Professor Dr. Markus Borner - A life for Africa's wild nature

With passion and pragmatism, Markus Borner shaped conservation in both Africa and the FZS for more than four decades. On 10 January 2020 he passed away.

From Dagmar Andres-Brümmer, 14th January 2020

For more than three decades the Serengeti was Markus Borner’s home. Without him and his inimitably positive way of inspiring people, bringing together the right people at the right time, the Serengeti would certainly not be what it is today: an icon among Africa's national parks.  

 

Markus himself, of course, wouldn’t want to hear this and he would rather emphasize that it was the efforts of his team and especially the Tanzanian National Parks Authority that protected the unique wilderness of the Serengeti and its wildlife. He was, however, the heart and soul of many of these efforts. Always a driving force when it came to mastering new challenges, finding new solutions and new ways. Markus met everyone respectfully and at eye level and was always true to himself. This earned him the highest respect, in Tanzania and far beyond.

When Markus Borner and his young family moved into the small house in the Serengeti National Park in 1983, he probably never thought that it would become such a nucleus of nature conservation, that renowned scientists, Hollywood actors and political decision-makers would once sit on his humble veranda, enjoying their gin and tonic, listening to him and appreciating his opinion. With his Swiss charm, his infectious laughter and his thoroughly honest optimism, he showed us again and again that humans need wilderness, that we must protect what is still there. And that it can be done.

Despite the rapid decline of biological diversity, the disappearance of forests, savannahs or coral reefs, the serious loss of species - Markus never doubted that protecting wilderness is the only right way. The way to preserve the future of mankind. 

 

Markus’ influence was not, however, restricted to the Serengeti. Together with many partners on the ground he also influenced conservation in other regions and during difficult times. As FZS Africa Director he decided to start a project for the protection of mountain gorillas in the DR Congo, despite ongoing civil unrest. In Zambia, Markus initiated the reintroduction of black rhinos to North Luangwa, and in the Ethiopian highlands, he oversaw the establishment of an FZS project for the protection of the Bale mountains. From Ethiopia to Zimbawe, Markus has chosen the right allies and brought people into his teams who, like him, were passionate and pragmatic about conservation. 

Markus Borner In the future the  greatness of a  Nation will not be judged by its advance in technology or by its achievements  in architecture, art  or sports, but by  the amount of  nature and  biodiversity that it  can hand over to  the next  generation. Markus Borner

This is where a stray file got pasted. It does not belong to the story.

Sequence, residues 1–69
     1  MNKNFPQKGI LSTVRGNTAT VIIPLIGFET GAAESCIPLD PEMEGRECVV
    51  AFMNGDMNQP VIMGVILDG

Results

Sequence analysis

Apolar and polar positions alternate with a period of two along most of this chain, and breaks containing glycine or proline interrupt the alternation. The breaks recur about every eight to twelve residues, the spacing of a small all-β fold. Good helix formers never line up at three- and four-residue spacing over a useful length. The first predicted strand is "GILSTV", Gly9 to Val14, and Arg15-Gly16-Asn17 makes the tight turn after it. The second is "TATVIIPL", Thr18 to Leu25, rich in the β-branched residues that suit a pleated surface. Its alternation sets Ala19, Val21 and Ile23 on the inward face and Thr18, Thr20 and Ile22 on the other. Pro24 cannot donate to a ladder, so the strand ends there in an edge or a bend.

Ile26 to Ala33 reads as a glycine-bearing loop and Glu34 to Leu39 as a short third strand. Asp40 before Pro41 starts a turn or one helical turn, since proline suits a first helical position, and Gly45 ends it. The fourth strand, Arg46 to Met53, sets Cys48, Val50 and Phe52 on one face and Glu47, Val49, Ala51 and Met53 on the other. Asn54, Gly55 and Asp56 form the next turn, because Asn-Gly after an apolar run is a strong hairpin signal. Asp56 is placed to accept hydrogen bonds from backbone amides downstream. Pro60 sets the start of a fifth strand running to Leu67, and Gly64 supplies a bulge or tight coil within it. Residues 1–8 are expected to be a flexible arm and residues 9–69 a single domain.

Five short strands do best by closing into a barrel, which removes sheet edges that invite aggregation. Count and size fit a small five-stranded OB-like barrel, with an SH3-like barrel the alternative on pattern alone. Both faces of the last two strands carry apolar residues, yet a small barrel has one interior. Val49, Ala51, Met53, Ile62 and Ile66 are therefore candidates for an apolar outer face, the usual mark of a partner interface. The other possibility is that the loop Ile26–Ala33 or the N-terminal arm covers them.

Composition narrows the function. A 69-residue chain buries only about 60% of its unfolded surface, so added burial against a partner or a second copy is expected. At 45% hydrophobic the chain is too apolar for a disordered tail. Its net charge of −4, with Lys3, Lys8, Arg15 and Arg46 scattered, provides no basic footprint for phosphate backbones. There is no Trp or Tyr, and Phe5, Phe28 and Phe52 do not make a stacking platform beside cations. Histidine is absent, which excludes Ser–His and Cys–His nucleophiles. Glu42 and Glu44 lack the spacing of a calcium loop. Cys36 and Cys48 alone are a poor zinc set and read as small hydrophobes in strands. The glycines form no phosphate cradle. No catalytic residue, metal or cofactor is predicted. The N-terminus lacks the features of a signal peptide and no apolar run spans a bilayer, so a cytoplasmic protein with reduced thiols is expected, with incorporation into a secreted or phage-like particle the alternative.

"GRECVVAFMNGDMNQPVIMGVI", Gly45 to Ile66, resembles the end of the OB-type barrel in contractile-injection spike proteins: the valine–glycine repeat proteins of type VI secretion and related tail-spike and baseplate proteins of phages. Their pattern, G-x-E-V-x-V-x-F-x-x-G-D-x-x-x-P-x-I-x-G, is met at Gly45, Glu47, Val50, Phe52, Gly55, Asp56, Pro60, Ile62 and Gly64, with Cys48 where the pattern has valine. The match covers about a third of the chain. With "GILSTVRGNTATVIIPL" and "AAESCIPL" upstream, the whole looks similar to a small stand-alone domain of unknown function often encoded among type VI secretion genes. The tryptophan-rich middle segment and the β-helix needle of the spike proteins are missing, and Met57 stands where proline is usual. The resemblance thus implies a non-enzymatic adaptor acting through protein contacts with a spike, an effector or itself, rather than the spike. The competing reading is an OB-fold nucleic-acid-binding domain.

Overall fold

In 2012 Markus retired after four decades in the service of the Frankfurt Zoological Society. But the love for Africa and its wild animals does not stop with retirement. Markus has always been deeply convinced that the future lies in Africa's young generation. The University of Glasgow awarded Markus Borner, who held a PhD in biology, an honorary professorship, and until very recently, he shared his insights and coached young conservation experts from various African countries in the Karimjee Conservation Scholars Program. He was also able to share his experience as an adjunct professor at the Nelson Mandela African Institution of Science and Technology in Tanzania.

 

Markus Borner was awarded the Bruno H Schubert Prize in 1994, was a finalist for the Indianapolis Prize in 2012 and received the prestigious Blue Planet Prize from the Asahi Glass Foundation in 2016, which is considered the Nobel Prize of conservation awards.

His vision of a world that will value its nature and realize that wilderness is its true future capital has shaped him throughout his life. Uncompromising, sincere and clear in his convictions, Markus has inspired and motivated many of us. When species disappear, unique forests have to make way for dams or roads, and when we doubt whether we can still protect nature, those are the times when we will think of Markus’ loud and infectious laugh: Giving up is not an option.  

2012 Markus Borner was Indianapolis Prize Finalist. The Indianapolis Prize is awarded to individuals for extraordinary contributions to conservation efforts. This film was produced as part of the award ceremony.

FZS Projects in Africa